''Everybody is watching it," said Gus Rancatore, the owner of Toscanini's Ice Cream in Cambridge. ''I sometimes think this is this year's Krispy Kreme. They come in, have high sales initially, but I'm not sure if they have any durable appeal."
Rancatore said his bet is on J.P. Licks, in part because New Englanders tend to be loyal to locals. There are few pizza chains, for example, and no doughnut chains have been able to break the grip of Dunkin' Donuts.
''Quite honestly, they're going to have two things going for them," Petryk said. ''First, they're new. Second, they're going to have more seats."
The J.P. Licks in Newton Centre has only six stools, while the Cold Stone Creamery has 12 seats total, inside and outside. Both stores will be open seven days a week.
Ice cream stores frequently come in clusters. Harvard Square at one point had five stores, and store owners say this is not always a bad thing, because it piques the palate, and the competition could actually end up increasing the total number of ice cream eaters.
But in New England, where ice cream season typically is only eight months long, ''generally ice cream stores don't open up next to each other," said Utterback, who monitors ice cream trends nationwide for her trade magazine. ''I have not seen two stores being that close -- ever. I am surprised that is happening."
Still, this is not the first time J.P. Licks has faced competition. Last year at about this time, another local ice cream store, Emack and Bolio's, opened just blocks from the J.P. Licks flagship store on Centre Street in Jamaica Plain. But because that competition was between two independent-minded, anticorporate entities, there was a lightheartedness to it.
''I don't like the whole war thing," Adam Goldberg, owner of Emack and Bolio's, told the Globe just after opening his store. ''Call us hippies if you want; we're pretty mellow." With Cold Stone, the mentality has been different, in part because it is a chain whose stores all look the same.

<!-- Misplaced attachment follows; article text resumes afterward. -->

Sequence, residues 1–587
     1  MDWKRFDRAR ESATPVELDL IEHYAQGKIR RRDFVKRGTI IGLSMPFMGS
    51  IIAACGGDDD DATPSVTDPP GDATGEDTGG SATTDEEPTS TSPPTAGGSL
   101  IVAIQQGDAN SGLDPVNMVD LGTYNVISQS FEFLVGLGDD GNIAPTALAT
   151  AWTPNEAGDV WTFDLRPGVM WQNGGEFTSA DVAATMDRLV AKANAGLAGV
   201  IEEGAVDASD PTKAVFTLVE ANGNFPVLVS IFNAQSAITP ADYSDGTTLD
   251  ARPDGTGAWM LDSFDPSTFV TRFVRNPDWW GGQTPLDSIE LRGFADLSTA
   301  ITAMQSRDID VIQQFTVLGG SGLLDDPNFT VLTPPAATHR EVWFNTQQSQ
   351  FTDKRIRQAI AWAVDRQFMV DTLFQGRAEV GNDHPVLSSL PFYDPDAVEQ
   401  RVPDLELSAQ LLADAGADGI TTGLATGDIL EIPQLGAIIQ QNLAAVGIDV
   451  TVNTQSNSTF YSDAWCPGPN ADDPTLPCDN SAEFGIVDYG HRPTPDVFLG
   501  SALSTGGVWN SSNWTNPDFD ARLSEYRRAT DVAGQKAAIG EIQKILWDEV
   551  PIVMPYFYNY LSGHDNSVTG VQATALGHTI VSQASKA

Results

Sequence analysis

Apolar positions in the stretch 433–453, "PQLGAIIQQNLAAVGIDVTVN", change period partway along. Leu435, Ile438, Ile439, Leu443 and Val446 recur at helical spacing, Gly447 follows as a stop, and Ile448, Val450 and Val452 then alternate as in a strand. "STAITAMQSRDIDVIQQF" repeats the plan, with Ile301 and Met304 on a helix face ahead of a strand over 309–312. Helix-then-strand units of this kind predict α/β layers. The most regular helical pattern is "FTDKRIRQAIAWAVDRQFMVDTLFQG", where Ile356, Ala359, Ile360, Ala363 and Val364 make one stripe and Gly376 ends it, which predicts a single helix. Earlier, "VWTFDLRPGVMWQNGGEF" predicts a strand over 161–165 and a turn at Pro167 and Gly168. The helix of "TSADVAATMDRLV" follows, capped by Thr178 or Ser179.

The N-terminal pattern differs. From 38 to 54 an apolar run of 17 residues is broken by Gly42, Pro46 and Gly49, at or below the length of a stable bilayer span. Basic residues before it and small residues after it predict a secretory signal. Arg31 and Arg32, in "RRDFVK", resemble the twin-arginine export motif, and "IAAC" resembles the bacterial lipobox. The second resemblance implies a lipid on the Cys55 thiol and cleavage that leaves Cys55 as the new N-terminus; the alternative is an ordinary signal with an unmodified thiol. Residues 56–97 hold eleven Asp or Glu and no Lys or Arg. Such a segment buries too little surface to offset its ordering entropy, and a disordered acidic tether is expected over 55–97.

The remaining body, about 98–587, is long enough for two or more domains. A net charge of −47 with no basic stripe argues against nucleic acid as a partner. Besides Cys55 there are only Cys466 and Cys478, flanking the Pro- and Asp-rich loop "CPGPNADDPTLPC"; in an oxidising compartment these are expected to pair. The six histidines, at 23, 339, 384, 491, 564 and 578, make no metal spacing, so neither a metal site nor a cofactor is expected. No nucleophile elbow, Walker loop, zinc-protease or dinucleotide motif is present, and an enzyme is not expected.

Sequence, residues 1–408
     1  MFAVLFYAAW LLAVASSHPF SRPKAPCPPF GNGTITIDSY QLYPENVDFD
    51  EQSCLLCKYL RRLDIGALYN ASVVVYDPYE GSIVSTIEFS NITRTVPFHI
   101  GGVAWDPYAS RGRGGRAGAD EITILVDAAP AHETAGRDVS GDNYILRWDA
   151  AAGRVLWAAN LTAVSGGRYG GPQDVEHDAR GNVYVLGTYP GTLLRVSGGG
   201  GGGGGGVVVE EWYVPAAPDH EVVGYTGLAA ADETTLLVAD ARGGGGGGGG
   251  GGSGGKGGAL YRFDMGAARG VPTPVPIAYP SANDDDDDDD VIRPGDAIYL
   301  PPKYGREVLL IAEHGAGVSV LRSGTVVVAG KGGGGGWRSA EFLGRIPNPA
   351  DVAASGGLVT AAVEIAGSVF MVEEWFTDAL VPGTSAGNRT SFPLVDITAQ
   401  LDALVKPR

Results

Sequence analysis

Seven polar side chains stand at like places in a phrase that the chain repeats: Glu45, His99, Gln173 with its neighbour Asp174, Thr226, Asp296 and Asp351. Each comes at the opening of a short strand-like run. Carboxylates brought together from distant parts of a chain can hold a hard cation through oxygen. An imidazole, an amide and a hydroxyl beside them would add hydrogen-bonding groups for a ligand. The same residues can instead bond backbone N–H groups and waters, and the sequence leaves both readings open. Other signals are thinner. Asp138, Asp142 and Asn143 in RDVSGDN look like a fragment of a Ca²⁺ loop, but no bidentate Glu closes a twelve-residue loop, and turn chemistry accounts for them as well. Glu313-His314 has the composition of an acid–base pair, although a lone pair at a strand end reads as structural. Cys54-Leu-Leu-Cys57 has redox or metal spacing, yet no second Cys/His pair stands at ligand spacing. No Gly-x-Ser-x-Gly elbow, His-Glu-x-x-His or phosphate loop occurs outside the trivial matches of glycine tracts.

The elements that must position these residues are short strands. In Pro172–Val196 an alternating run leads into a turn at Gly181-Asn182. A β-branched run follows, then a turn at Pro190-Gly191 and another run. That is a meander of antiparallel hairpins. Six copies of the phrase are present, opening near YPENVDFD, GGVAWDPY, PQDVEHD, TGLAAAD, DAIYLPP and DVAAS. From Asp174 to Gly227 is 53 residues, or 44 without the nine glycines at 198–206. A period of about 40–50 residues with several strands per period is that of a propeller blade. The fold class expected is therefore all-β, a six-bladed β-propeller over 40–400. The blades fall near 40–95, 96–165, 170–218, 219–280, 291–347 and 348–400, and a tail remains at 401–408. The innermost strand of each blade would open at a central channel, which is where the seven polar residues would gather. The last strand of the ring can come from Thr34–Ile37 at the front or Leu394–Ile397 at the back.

Cold Stone specializes in an ice cream style in which ice cream is mixed on a frozen stone slab with candy, nuts, and other mix-ins. It is a concept popularized in the 1970s by Steve Herrell at Steve's Ice Cream in Somerville.
Scoops at Cold Stone are more elaborate, with flavors like birthday cake remix (cake batter ice cream, rainbow sprinkles, brownie, and fudge) and berry berry berry good (sweet cream ice cream and berries).
J.P. Lick's has flavors like cake batter, maple butter walnut, and cherry Francona (cherry ice cream, chocolate chips, and chunks of cherries).
''If you want candy, people should go to Cold Stone," Petryk said. ''If you want ice cream, you should go to J.P. Licks."
When told of the comment, Krieche said in response, ''Everybody knows that Cold Stone is the number one ice cream in the world."
Six months ago, J.P. Licks started offering mix-ins, but only if customers ask for them.
''I don't think that's the best way to eat ice cream, but if one out of four people in the family needs the nut or the candy mixed in, we'll do that," Petryk said.
''I don't want to give a regular customer of mine any reason not to come in."
''It seems like if there's one constant in Newton Centre, it's that there's always ice cream stores closing and opening," said Charles Eisenberg, chairman of the city's Economic Development Commission.
''I'm absolutely not surprised by this, not in the slightest. There's a lot of ice cream consumed in Newton," he said.
''People are very, very serious about their ice cream experience," Utterback said. ''It's not something they take lightly. It's a tradition. It's an American dessert, and it includes a whole experience."
Matt Viser can be reached at firstname.lastname@example.org.